Originally Published: June 24, 2016 6 a.m.
PRESCOTT – It was the political version of speed-dating Wednesday, June 22, as many of the candidates in the August primary made the rounds at an event hosted by the Republican Women of Prescott at Hotel St. Michael.
While many candidates are running unopposed, a few are in heated races, and it showed.
“My opponent refused to follow the attorney general’s decision, and I don’t think that makes for a good supervisor,” said Marla Festenese, who is taking on Yavapai County District 4 Supervisor Craig Brown.
She said she wants to see better use of the jail in downtown Prescott before county officials spend more on plans for a new one.
That’s a claim that doesn’t sit well with Sheriff Scott Mascher.
He said the Gurley Street jail is used daily for short-term holding, either for inmates attending court downtown or for booking arrestees by agencies in and around Prescott.
“It works very well for that,” Mascher said, adding it’s inadequate for long-term incarceration, as it doesn’t meet federal standards.
Festenese, a small business owner, once worked in Brown’s office, and he didn’t hold back on his opinion of her. “She has a lack of integrity,” Brown said.
There’s a similar race between District 1 incumbent Supervisor Rowle Simmons and challenger Mary Beth Hrin.
Simmons said for much of his district, the supervisor is the most influential local elected official.
“I’m like the mayor of some of these small communities,” he said. “We’re all they have.”
Hrin was critical that the county wasn’t aggressively combating the expansion of drug and alcohol abuse recovery homes in unincorporated areas.
She said she advocates more cooperation among agencies, citing group homes and public pension debt as issues that affect both municipal and county governments.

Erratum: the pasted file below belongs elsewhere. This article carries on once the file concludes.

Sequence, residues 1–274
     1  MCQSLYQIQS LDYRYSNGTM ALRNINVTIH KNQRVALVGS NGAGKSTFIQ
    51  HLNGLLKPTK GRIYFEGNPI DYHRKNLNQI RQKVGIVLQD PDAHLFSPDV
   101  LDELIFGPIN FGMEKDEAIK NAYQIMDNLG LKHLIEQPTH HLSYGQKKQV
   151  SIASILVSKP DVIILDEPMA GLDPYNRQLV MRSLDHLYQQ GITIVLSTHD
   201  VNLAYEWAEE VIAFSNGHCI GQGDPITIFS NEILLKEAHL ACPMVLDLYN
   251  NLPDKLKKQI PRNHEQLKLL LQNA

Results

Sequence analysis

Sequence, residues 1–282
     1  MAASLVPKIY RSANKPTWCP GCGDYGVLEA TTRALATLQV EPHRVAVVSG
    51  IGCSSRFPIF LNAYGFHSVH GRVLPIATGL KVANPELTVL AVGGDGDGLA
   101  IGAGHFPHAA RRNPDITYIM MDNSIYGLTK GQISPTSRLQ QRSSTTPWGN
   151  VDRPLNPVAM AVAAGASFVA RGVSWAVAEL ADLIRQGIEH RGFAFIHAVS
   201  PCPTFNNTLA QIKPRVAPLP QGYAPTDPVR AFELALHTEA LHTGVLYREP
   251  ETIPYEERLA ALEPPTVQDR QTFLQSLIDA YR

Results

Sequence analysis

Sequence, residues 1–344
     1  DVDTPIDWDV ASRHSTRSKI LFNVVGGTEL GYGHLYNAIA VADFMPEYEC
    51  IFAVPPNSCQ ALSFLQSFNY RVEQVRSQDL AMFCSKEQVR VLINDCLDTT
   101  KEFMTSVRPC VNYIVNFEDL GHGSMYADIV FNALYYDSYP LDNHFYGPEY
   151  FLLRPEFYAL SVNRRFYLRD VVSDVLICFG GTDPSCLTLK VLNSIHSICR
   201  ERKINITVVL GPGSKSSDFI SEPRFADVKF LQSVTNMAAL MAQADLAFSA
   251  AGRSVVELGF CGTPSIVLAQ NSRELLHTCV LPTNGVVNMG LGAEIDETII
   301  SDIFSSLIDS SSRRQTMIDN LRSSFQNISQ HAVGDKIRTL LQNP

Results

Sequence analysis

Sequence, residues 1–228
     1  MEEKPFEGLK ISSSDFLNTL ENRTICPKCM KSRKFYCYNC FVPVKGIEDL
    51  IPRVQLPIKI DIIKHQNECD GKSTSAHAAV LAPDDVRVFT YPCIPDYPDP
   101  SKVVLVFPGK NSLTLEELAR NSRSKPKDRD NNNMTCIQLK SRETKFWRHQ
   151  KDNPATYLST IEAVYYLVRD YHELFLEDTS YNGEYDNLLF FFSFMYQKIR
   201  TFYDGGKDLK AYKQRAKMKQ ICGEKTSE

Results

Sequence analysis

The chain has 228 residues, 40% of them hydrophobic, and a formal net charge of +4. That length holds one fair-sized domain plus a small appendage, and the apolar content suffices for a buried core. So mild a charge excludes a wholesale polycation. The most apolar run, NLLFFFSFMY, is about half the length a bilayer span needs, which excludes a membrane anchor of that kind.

“We’re going to have to start combining a lot of things,” she said.
While a third county supervisor, Tom Thurman, is running unopposed in District 2, two others are in contested races, though only one candidate each from District 3 and District 5 attended the night’s event.
County Supervisor Jack Smith is running on a record of reducing the county budget, and touted his efforts in bringing interdenominational prayers to the top of Board of Supervisors’ meeting agendas.
His opponents in District 5, Steven Irwin and Harold Wise, did not attend.
With sitting District 3 Supervisor Chip Davis running for state legislature, Diane Joens and Randy Garrison are running to replace him.
“The only reason I’m running is that he decided to run for the state legislature,” Joens said, citing her experience as a former employee in the Board of Supervisors office.
Garrison did not attend Wednesday’s event.
Judd Simmons, who is running for county assessor had a free forum as incumbent Pam Pearsall also was not present.
He took the opportunity to highlight the allegations against Pearsall, including charges of nepotism and a letter from the state Attorney General’s Office reminding her of the requirements for registering lobbyists.
“I want to restore confidence to the office,” Simmons said.
All three candidates running for two seats in the state House of Representatives attended.
David Stringer of Prescott spoke about his work on elections related to taxes – in some cases supporting and in others opposing tax increases.
Incumbent Rep. Noel Campbell, R-Prescott, stood on his record in transportation and veterans issues, and his latest accomplishment in passing a recovery homes bill in the 2016 session.
Davis said if elected, he’ll work to represent rural Arizona in a legislature dominated by urban interests. “I want to bring a little sanity down to that body,” he said.
The night also featured candidates for the Central Yavapai Fire District board, Yavapai College and Chino Valley Fire District.